Self-supervised Learning of Distance Functions for Goal-Conditioned Reinforcement Learning

07/05/2019 ∙ by Srinivas Venkattaramanujam, et al. ∙ McGill University 0

Goal-conditioned policies are used in order to break down complex reinforcement learning (RL) problems by using subgoals, which can be defined either in state space or in a latent feature space. This can increase the efficiency of learning by using a curriculum, and also enables simultaneous learning and generalization across goals. A crucial requirement of goal-conditioned policies is to be able to determine whether the goal has been achieved. Having a notion of distance to a goal is thus a crucial component of this approach. However, it is not straightforward to come up with an appropriate distance, and in some tasks, the goal space may not even be known a priori. In this work we learn a distance-to-goal estimate which is computed in terms of the number of actions that would need to be carried out in a self-supervised approach. Our method solves complex tasks without prior domain knowledge in the online setting in three different scenarios in the context of goal-conditioned policies a) the goal space is the same as the state space b) the goal space is given but an appropriate distance is unknown and c) the state space is accessible, but only a subset of the state space represents desired goals, and this subset is known a priori. We also propose a goal-generation mechanism as a secondary contribution.



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1 Introduction

Reinforcement Learning (RL) is a framework for training agents to interact optimally with an environment. Recent advances in RL have lead to algorithms that are capable of succeeding in a variety of environments, ranging from video games with high-dimensional image observations Mnih et al. (2013, 2015) to continuous control in complex robotic tasks Lillicrap et al. (2016); Schulman et al. (2015). Meanwhile, innovations in training powerful function approximators have all but removed the need for hand-crafted state representation, thus enabling RL methods to work with minimal human oversight or domain knowledge. However, one component of the RL workflow that still requires significant human input is the design of the reward function that the agent optimizes.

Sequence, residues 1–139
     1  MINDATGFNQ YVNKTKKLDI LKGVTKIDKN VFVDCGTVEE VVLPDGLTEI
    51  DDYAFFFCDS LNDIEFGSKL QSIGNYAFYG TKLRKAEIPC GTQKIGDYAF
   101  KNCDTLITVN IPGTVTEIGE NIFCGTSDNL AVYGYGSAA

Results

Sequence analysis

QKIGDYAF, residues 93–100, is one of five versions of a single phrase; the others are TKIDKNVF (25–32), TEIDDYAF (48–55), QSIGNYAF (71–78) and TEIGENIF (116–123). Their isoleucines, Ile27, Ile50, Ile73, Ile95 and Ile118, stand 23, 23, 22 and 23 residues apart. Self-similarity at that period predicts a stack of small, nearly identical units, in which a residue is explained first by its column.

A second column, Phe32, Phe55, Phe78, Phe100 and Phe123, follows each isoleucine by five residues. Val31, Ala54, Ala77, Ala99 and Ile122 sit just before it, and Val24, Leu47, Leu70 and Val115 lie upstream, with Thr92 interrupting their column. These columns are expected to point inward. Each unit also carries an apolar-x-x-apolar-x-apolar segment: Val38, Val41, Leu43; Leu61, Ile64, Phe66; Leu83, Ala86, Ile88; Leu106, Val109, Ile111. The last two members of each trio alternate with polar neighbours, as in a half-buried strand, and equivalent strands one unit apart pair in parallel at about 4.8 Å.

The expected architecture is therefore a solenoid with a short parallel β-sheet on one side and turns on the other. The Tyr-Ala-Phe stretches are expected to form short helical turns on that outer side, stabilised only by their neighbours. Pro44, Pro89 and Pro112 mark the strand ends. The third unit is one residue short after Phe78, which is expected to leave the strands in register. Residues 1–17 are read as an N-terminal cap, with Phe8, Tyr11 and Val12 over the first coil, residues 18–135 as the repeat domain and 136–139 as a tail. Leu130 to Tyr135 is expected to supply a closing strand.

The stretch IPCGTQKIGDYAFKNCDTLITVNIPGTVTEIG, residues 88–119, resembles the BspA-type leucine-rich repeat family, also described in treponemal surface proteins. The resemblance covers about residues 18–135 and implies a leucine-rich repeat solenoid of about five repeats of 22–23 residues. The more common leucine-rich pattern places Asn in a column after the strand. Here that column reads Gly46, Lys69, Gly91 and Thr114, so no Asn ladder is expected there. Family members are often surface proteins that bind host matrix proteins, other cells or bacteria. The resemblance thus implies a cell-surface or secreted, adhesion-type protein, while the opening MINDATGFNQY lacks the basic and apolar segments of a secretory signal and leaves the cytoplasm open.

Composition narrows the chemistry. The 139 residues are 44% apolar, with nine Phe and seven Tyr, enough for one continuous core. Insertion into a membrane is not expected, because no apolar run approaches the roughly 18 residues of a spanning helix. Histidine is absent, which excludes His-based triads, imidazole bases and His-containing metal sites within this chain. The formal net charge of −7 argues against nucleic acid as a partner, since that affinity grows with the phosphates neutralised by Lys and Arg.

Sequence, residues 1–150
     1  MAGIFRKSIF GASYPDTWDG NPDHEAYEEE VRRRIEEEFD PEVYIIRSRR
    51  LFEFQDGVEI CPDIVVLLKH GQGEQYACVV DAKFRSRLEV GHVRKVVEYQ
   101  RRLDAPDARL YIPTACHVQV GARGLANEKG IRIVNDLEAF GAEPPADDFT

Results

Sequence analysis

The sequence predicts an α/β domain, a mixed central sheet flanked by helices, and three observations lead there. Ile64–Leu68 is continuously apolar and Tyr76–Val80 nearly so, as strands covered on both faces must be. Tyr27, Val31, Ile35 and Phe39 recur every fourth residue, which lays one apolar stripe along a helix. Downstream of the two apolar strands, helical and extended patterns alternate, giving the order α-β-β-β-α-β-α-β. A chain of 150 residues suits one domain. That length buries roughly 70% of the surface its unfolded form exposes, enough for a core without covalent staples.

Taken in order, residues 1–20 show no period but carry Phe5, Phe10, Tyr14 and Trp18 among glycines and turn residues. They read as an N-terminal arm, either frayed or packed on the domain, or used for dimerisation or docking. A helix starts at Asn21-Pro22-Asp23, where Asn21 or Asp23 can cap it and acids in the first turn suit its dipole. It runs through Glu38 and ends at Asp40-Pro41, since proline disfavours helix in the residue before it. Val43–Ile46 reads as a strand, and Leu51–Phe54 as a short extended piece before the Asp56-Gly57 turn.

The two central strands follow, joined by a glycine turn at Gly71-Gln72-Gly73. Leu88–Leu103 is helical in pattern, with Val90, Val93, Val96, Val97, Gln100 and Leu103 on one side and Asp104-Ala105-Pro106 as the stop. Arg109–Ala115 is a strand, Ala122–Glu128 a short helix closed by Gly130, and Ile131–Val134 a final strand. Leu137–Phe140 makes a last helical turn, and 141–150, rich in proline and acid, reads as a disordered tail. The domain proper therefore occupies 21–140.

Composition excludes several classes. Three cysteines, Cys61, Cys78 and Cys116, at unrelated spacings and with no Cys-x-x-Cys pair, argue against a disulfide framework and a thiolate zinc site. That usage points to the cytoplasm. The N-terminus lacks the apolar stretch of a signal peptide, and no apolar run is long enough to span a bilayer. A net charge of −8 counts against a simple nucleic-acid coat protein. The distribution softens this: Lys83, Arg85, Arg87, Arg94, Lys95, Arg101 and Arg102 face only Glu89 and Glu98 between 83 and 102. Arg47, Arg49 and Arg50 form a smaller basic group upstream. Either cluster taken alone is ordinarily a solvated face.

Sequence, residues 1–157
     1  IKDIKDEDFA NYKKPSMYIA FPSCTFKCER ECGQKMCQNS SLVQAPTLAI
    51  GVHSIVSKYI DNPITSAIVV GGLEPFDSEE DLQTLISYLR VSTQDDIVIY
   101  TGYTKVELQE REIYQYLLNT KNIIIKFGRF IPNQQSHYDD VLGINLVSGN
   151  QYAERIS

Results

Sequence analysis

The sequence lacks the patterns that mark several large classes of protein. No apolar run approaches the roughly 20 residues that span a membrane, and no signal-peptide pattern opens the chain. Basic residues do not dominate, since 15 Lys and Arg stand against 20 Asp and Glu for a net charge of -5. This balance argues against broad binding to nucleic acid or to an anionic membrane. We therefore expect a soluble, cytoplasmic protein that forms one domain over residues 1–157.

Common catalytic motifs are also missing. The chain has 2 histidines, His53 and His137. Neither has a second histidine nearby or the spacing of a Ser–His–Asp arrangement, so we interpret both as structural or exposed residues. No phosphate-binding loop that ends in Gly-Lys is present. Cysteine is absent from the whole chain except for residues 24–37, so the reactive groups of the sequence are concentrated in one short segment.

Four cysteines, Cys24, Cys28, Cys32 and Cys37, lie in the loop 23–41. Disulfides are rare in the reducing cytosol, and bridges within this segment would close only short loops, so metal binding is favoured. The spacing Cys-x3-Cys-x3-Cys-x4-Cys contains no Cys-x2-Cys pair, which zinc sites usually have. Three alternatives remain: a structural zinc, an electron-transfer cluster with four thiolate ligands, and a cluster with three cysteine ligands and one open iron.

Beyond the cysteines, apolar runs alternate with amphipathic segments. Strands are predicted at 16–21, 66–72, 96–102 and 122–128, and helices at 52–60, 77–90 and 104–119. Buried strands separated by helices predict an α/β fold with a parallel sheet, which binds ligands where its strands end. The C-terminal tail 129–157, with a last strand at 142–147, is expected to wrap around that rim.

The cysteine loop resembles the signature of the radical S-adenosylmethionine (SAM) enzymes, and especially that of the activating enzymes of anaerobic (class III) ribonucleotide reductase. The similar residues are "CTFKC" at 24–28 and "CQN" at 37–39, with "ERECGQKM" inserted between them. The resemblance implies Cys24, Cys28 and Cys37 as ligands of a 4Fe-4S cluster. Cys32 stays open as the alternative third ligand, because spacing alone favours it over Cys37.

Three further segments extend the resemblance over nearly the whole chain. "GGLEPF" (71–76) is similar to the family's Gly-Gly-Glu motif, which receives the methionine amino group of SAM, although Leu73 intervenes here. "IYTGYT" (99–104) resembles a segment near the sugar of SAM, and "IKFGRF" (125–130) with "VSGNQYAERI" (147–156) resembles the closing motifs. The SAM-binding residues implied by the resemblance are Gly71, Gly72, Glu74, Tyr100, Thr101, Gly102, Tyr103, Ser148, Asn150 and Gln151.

One way of alleviating this reliance on human input is by allowing the agent to condition its behavior on a provided goal Kaelbling (1993); Schaul et al. (2015), and training the agent to achieve (some approximation of) all possible goals afforded by the environment. A number of algorithms have recently been proposed along these lines, often making using of curriculum learning techniques to discover goals and train agents to achieve them in a structured way Narvekar et al. (2017); Florensa et al. (2018). At the end of this process, the agent is expected to be able to achieve any desired goal.

An important component of this class of algorithm is a distance function, used to determine whether the agent has reached its goal; this can also require human input and domain knowledge. In past work, it has been common to assume that the goal space is known and use the distance between the current state and the goal. However, this straightforward choice is not be satisfactory for general environments, as it does not take environment dynamics into account. For example, it is possible for a state to be close to a goal in terms of distance, and yet be far from satisfying it in terms of environment dynamics.

We propose a self-supervised method for learning a distance between a state and a goal which accurately reflects the dynamics of the environment. We begin by defining the distance between two states as the average number of time steps required to move from the first state to the second under some policy

. To make this distance usable as part of a goal-conditioned reward function, we train a neural network to approximate this quantity from data. The distance network is trained online, in conjunction with the training the goal-conditioned policy.

The contributions of this work are as follows. i) We propose a self-supervised approach to learn a distance estimate, by learning an embedding with the property that the -norm between the embeddings of two states approximates the average temporal distance between the states according to a policy , ii) we demonstrate that the learned distance estimate can be used in the online setting in goal-conditioned policies, iii) we develop an automatic curriculum generation mechanism that takes advantage of our distance learning algorithm, and iv) we explain a phenomenon that arises due to learning the distance using samples from the behavior policy.

2 Related Work

Goal-conditioned RL aims to train agents that can reach any goal provided to them. Automatic goal generation approaches such as Florensa et al. (2018, 2017) focus on automatically generating goals of appropriate difficulty for agent in order to facilitate efficient learning. These methods utilize domain knowledge to learn a goal space and use distance as the distance function in the goal space.

The simplest approach of using distance in the goal space is applicable only when the goal space is known a priori. In most tasks however the goal space is inaccessible or an appropriate distance function in the goal space is unknown. For such scenarios there has been a recent focus on learning an embedding space for goals and using distance in the embedding space Péré et al. (2018)

as the distance function in the goal space. Typically the embedding for the goal space is learned in an unsupervised fashion such as training an autoencoder to minimize the reconstruction loss in the state space and using the representation learned by the autoencoder as the goal space